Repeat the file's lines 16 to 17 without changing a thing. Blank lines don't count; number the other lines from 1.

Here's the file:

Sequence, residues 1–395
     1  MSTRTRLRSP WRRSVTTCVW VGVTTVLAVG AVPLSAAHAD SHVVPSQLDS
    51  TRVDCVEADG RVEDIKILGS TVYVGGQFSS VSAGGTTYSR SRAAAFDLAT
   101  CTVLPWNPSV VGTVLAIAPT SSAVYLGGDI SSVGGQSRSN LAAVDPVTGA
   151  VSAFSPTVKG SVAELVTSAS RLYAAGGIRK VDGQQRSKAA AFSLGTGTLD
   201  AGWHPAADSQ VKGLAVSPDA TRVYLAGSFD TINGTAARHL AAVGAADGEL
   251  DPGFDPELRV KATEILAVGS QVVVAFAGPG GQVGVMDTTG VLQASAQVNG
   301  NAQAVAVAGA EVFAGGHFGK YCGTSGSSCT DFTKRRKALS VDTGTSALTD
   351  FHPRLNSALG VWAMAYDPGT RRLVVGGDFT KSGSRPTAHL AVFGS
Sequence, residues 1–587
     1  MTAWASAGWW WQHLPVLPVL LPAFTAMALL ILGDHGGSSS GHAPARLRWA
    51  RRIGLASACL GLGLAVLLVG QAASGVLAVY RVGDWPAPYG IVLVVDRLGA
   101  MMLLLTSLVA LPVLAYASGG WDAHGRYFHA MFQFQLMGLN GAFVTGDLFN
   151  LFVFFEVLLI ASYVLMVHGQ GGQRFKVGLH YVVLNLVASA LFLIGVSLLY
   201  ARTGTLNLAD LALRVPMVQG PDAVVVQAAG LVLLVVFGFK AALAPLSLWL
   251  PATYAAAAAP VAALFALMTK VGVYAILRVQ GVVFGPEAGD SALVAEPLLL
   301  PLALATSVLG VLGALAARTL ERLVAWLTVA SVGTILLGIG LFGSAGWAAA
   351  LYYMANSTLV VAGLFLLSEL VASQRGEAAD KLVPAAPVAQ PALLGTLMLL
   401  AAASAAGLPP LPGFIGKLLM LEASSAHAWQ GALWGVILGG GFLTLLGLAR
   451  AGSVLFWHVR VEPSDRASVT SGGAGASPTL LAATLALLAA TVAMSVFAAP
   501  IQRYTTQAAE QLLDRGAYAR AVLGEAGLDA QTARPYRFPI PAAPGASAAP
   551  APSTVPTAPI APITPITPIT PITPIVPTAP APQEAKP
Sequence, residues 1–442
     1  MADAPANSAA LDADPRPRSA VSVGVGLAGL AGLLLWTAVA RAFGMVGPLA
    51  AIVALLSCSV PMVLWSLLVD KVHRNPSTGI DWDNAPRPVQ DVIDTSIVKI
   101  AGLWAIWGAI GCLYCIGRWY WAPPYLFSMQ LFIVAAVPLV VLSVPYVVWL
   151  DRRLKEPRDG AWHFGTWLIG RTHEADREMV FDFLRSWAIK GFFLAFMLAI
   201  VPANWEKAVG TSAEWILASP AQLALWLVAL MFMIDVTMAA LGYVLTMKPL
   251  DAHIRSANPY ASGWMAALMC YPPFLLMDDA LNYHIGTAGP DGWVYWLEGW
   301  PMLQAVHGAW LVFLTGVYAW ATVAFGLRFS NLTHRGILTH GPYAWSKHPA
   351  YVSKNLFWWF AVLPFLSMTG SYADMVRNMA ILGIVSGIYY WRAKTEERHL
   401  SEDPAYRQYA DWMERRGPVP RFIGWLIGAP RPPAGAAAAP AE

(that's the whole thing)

   251  PATYAAAAAP VAALFALMTK VGVYAILRVQ GVVFGPEAGD SALVAEPLLL
   301  PLALATSVLG VLGALAARTL ERLVAWLTVA SVGTILLGIG LFGSAGWAAA